Engine coolant performance deteriorates over time. This can be caused by a build-up of aluminium corrosion or a change in the fluid to coolant ratio when periodically topped up. Most coolants contain special ingredients to help keep the solution alkaline. Over a period of time these lose their effectiveness, so the coolant should be changed at least every two years regardless of mileage.
What you are dealing with
All bike engines are made from aluminium alloys so ensure your coolant is specifically for alloy engines. The capacity of the coolant system can vary from bike to bike – check the owner’s handbook for capacity – but 3-4 litres is typical. Note that coolant that is sold as antifreeze needs to be diluted with distilled water. The usual ratio is 50:50, but it’s worth checking on the container’s instructions. Otherwise, coolant comes as a premixed solution ready to pour straight in.
Stuff you’ll need
Enough fresh coolant, or antifreeze and distilled water to mix, and a funnel to refill the system. Various screwdrivers and Allen keys to remove fairing panels, and sockets or ring spanners to remove the main drain bolt. A tray, or disused kitchen sink bowl to catch the old draining coolant, plus some absorbent material in case of spillage.
What can go wrong?
You could get scalded if the engine has been running – the system becomes pressurised and hot coolant will erupt when any cap or bolt is undone. A slow death could occur if you swallow antifreeze – it contains ethylene glycol, which is highly toxic.
Don’t even think about it if...
You haven’t got at least an hour to spare to do the job, or you’re the sort of person who tops up your car’s washer bottle with antifreeze.
What skills do I need?
Basic mechanical aptitude is enough. Although it’s really not the sort of task to think about attempting if you’re nursing a hangover…
1. Get the bike upright on a paddock stand. You need to gain access to the radiator cap, drain bolt and the header tank cap so, on a sports bike, you may need to remove most of the fairing. If the drain bolt is mounted on the sidestand side of the engine put the bike on its sidestand to help drain all the coolant out.
2. As a general rule, most drain bolts are located at the lowest point of the cooling system near to, or actually on, the coolant pump housing. Some bikes don’t have drain bolts, so removing the lowest hose is the only way to drain off the coolant. Before undoing anything ensure the engine/coolant system is cold.
3. Place a drain tray or old bowl under the drain bolt. Carefully loosen and remove the radiator cap to relieve any pressure in the system and allow the coolant to flow unhindered. Undo the drain bolt a few turns and make sure the sealing washer (if fitted) is loose on the bolt. Now remove the bolt and washer completely.
4. Once the flow of coolant has finished, wipe clean the area around the exit hole, and the bolt and washer. Refit the drain bolt and sealing washer – if the washer looks damaged (with nicks, splits, etc) then replace it. The bolt needs to be torqued tight – refer to manual or a dealer for the torque figure.
5. If there is any coolant left in the header tank, remove and drain, and clean out any residue before refitting. Now arm yourself with a funnel and coolant. If diluting antifreeze it should be done with distilled water or boiled kettle water – tap water contains minerals which will clog up the inside of the rad.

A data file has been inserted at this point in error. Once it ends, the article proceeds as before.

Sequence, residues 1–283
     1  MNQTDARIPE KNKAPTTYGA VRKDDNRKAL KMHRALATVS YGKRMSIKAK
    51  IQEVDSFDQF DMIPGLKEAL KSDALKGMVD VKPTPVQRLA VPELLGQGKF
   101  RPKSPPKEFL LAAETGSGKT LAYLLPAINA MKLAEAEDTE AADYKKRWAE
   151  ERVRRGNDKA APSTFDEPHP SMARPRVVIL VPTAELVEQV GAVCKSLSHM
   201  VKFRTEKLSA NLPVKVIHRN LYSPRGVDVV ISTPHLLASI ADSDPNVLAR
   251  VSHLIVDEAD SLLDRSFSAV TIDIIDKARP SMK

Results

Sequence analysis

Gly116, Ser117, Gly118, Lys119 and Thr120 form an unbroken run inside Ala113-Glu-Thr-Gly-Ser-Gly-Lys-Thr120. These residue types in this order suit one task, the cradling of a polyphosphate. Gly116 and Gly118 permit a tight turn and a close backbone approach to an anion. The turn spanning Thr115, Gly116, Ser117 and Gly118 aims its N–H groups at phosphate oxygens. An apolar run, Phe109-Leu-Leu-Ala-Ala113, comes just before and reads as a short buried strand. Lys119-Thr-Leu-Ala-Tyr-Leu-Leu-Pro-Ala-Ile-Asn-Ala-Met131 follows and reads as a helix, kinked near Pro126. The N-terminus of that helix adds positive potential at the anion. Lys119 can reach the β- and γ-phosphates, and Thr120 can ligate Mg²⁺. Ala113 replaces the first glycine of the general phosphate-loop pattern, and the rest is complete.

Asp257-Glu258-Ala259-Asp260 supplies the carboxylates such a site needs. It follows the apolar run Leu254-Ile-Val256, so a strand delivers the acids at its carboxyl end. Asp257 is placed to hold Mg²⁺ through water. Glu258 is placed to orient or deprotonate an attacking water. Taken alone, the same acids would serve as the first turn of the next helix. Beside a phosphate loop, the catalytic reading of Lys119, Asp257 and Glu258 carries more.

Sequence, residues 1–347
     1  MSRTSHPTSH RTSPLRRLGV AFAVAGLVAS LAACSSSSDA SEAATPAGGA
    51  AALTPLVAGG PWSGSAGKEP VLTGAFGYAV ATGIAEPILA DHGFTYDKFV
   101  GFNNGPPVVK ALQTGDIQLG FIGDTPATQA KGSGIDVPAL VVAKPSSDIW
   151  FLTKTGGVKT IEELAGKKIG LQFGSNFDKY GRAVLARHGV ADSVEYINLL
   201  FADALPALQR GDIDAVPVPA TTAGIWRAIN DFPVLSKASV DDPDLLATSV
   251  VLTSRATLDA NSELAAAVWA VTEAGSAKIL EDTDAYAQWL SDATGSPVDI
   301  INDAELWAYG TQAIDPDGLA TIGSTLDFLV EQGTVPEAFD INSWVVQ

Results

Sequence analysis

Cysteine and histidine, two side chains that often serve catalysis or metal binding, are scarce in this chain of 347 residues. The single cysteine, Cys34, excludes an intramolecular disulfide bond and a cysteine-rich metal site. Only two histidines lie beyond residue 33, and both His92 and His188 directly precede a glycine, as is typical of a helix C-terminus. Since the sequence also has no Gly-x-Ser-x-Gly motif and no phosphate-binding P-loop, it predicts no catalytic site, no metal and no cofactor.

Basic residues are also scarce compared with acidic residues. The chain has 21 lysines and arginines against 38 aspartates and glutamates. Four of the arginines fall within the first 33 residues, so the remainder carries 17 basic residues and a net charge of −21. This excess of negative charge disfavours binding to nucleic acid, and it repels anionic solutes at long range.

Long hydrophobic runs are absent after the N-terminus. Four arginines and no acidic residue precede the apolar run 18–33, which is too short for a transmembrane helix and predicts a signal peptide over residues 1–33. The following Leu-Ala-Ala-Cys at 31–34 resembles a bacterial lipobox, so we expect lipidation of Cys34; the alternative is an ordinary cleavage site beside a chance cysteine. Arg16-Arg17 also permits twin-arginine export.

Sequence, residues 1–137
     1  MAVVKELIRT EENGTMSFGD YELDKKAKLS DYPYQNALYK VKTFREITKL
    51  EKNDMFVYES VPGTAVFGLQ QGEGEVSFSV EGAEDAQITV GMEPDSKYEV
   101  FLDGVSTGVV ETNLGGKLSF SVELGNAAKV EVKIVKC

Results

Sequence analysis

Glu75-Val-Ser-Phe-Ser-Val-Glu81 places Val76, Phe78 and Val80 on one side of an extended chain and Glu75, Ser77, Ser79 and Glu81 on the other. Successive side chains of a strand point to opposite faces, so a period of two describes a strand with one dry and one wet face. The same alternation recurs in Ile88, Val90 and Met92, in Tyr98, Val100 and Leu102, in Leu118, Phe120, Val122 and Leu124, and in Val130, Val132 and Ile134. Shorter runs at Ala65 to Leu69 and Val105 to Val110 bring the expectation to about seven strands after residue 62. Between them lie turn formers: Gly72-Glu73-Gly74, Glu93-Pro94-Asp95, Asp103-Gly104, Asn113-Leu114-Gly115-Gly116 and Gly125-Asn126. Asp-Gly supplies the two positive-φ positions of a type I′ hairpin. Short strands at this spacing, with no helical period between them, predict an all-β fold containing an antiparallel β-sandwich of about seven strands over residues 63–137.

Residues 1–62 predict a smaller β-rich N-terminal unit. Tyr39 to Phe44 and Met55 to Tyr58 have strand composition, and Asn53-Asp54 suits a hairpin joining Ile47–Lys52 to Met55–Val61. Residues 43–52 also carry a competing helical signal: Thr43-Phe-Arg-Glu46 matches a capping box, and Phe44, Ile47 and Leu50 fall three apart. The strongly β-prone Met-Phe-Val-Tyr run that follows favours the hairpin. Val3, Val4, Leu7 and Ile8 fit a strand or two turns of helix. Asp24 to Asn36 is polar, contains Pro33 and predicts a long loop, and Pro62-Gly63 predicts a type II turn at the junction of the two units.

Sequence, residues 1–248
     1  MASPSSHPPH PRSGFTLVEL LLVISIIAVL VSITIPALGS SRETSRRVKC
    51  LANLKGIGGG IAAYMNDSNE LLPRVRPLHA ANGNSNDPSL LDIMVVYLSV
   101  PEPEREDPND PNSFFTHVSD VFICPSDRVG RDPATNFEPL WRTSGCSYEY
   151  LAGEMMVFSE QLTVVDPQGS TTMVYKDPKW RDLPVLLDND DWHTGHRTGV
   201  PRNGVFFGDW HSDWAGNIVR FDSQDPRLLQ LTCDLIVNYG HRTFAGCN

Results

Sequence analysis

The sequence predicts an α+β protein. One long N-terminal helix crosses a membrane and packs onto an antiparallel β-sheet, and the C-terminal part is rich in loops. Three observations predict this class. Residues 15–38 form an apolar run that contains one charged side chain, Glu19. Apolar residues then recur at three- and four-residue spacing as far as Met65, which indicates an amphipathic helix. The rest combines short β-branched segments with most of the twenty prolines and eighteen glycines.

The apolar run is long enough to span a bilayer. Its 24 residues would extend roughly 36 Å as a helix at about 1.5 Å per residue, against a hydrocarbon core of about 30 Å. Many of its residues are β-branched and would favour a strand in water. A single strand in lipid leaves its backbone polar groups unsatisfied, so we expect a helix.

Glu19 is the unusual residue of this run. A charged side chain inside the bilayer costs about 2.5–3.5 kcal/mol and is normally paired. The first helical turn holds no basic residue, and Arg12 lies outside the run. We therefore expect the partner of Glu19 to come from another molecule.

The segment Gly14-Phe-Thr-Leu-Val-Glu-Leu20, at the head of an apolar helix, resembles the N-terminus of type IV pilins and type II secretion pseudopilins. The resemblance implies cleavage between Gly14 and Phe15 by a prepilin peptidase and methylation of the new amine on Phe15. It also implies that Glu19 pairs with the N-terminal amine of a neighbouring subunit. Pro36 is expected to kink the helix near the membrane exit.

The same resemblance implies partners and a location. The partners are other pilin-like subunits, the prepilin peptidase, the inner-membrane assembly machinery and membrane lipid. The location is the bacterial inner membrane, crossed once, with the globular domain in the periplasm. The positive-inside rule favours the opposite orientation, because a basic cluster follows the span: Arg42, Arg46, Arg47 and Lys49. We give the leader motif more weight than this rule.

6. With the funnel in place in the radiator top, slowly fill with coolant, as it will inevitably overflow when the system is full. Stop every now and then to allow trapped air to escape from the radiator. Gently squeezing exposed hoses helps purge any air. Add coolant until the level reaches where the bottom of the rad cap will sit when fitted.
7. Refit the radiator cap. Now add coolant to the header tank, filling it so the level sits half way between the upper and lower level marks. Some bikes may have ‘bleed’ bolts on the coolant pipes to remove pockets of air out of the system, so loosen them one at a time until coolant appears, then tighten shut.
8. Start the bike and let it idle for 30 seconds. At the same time take the chance to look around the bike to make sure nothing is leaking. Running the engine for this short amount of time should be enough to dislodge any further trapped air via the header tank without getting the coolant too hot.
9. Remove the radiator cap and check the coolant level. Top up as necessary. Check the level of the header tank. If it has emptied completely then you need to repeat stage 8; otherwise top it up to the upper level line and replace the cap. Be careful when replacing the cap as it is all too easy to put it on cross-threaded.
10. Again start the engine and let it warm up to the point at which the cooling fan comes on. Then switch off. While waiting – go for a cup of tea or do the shopping – for the bike to cool down check again for any leaks. When the motor has cooled down re-check the header tank level and, if needs be, top it up.
11. Before refitting any bodywork, soak up any spilt coolant on the floor or bike with absorbent cloth/kitchen paper – it can corrode plated metal parts and it is slippery stuff. Ideally wash down affected areas with soapy water. Any antifreeze or coolant left over must be stored out of reach of children/animals/idiots.
12. Take the bike for a ride and when you come back recheck the level in the header tank. The ACU states it is illegal for race bikes to have glycol-based coolant in the bike’s system (very slippery when dumped on the track) so the above method can be applied to track-only bikes by substituting the coolant with 100% distilled water.